USC Gamecocks Baseball

Before he was World Series MVP, Steve Pearce deferred MLB dream for South Carolina

Boston Red Sox clinch World Series victory behind Steve Pearce’s heroics

The Boston Red Sox won the World Series over the Los Angeles Dodgers behind two home runs from series MVP Steve Pearce. The Red Sox won Game 5, 5-1, to capture the franchise's fourth championship in the last 15 seasons.
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The Boston Red Sox won the World Series over the Los Angeles Dodgers behind two home runs from series MVP Steve Pearce. The Red Sox won Game 5, 5-1, to capture the franchise's fourth championship in the last 15 seasons.

If you watched Game 5 of the 2018 World Series, as the Boston Red Sox clinched the championship, two things were clear.

1. Former South Carolina star Steve Pearce was playing the best baseball of his life en route to earning MVP honors.

2. It was a dream scenario for Pearce, winning on the team he grew up loving as a child in Florida.

Pearce was traded to Boston midway through the 2018 season along with cash for a minor leaguer, and he wasted little time in becoming a postseason folk hero for his favorite team.

Had things gone a little differently in 2004, it may never have happened.

That was the year Pearce was drafted in the 10th round by the Red Sox after hitting .346 with 21 home runs and 70 RBIs for the Gamecocks. As a junior, Pearce was in the same position hundreds of draftees are in every year, and the vast majority choose to sign with pro clubs, knowing if they wait another year they will lose leverage — and lots of money — in contract negotiations.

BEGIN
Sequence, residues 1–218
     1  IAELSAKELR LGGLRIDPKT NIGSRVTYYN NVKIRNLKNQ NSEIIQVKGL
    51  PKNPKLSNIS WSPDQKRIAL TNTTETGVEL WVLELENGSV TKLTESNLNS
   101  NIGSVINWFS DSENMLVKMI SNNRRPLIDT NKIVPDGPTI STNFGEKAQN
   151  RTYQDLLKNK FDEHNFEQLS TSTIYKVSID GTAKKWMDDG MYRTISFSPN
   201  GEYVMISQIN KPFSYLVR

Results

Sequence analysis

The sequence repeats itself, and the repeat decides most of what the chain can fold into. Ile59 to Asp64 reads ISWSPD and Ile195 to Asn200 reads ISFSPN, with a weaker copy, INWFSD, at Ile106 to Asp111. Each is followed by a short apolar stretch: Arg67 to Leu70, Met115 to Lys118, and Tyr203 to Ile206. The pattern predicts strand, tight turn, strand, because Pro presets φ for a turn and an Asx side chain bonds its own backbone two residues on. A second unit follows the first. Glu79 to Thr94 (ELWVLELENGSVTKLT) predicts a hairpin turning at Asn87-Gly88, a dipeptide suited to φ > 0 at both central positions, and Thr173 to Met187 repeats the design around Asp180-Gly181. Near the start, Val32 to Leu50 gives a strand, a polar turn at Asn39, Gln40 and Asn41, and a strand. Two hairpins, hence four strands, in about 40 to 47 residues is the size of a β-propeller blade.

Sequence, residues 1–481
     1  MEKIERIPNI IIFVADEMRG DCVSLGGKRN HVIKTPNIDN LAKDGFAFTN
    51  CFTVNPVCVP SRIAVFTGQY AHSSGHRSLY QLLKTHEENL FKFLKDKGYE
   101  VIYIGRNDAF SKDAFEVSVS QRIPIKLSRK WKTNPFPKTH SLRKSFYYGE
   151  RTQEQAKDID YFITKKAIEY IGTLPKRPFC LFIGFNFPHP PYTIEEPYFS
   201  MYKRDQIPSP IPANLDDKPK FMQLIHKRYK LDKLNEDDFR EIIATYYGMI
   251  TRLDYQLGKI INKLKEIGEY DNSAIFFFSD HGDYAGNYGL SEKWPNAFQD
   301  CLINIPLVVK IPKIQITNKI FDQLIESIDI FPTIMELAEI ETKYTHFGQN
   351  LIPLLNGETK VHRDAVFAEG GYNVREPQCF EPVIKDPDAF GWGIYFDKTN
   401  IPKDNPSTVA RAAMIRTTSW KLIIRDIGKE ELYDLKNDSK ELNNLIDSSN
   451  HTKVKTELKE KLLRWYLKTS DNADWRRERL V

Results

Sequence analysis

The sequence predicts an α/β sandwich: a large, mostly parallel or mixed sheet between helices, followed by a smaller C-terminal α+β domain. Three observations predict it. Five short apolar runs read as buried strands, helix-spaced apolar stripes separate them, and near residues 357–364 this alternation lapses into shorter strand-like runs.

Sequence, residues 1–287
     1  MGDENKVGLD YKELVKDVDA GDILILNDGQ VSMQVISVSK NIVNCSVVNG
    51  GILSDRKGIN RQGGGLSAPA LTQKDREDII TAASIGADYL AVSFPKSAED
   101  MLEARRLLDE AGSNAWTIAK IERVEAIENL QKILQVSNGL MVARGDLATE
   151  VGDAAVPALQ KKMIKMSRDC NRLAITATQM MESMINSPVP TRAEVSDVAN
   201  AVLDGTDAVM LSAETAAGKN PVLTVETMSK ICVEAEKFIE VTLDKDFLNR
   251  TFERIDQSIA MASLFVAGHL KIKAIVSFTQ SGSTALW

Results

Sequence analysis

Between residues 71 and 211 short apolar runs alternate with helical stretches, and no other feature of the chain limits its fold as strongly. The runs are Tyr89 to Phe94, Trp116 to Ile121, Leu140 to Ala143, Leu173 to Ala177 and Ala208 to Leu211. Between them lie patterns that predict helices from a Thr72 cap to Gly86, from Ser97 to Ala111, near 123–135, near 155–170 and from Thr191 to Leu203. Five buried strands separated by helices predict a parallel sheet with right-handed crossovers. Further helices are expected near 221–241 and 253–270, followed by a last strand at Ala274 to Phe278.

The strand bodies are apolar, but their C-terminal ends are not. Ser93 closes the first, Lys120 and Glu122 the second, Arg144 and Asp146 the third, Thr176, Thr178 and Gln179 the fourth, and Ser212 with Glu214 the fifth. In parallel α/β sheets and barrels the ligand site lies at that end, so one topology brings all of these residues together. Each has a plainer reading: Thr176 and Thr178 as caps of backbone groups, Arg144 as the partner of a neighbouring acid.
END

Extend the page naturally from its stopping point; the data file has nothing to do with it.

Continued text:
Pearce, however, turned down his childhood team and came back to Columbia for one more season.

“Quite honestly, I was surprised,” said Ray Tanner, his coach and current USC athletic director. “We made a pretty good run in the College World Series in 2004, but I fully expected him to sign, and when he said, ‘I’m coming back,’ I said, ‘Steve, you sign as a junior, you don’t have leverage as a senior.’ I explained everything to him.

“He said, ‘I understand. I’m coming back, I like this. Maybe we can come back to the Series and win it.’ And I went, ‘Nobody would love to have you back more than I, but this is not a path that most young people take.’ He said, ‘That’s the path I’m taking.’ I was overjoyed that he came back as a coach, that I got the chance to have him on my team again.”

His teammates knew how unusual his decision was, and while they were glad to have him back, they still teased him for making such an odd choice.

“We kinda all gave him a hard time because the Red Sox were his dream team,” said Davy Gregg, a member of those 2004 and 2005 squads. “That’s the team he wanted to go to, and he turned it down for his senior year, to come back and play at South Carolina again. That kinda shows his loyalty and support ... how much he cared about his teammates.”

Pearce’s senior season was just as good as his junior campaign — a .358 batting average, 21 home runs and 68 RBIs in six fewer games. In the 2005 draft, he was selected by the Pittsburgh Pirates, starting a 13-year long sojourn through professional baseball that included stops with eight franchises and more than 20 teams in the minor and major leagues.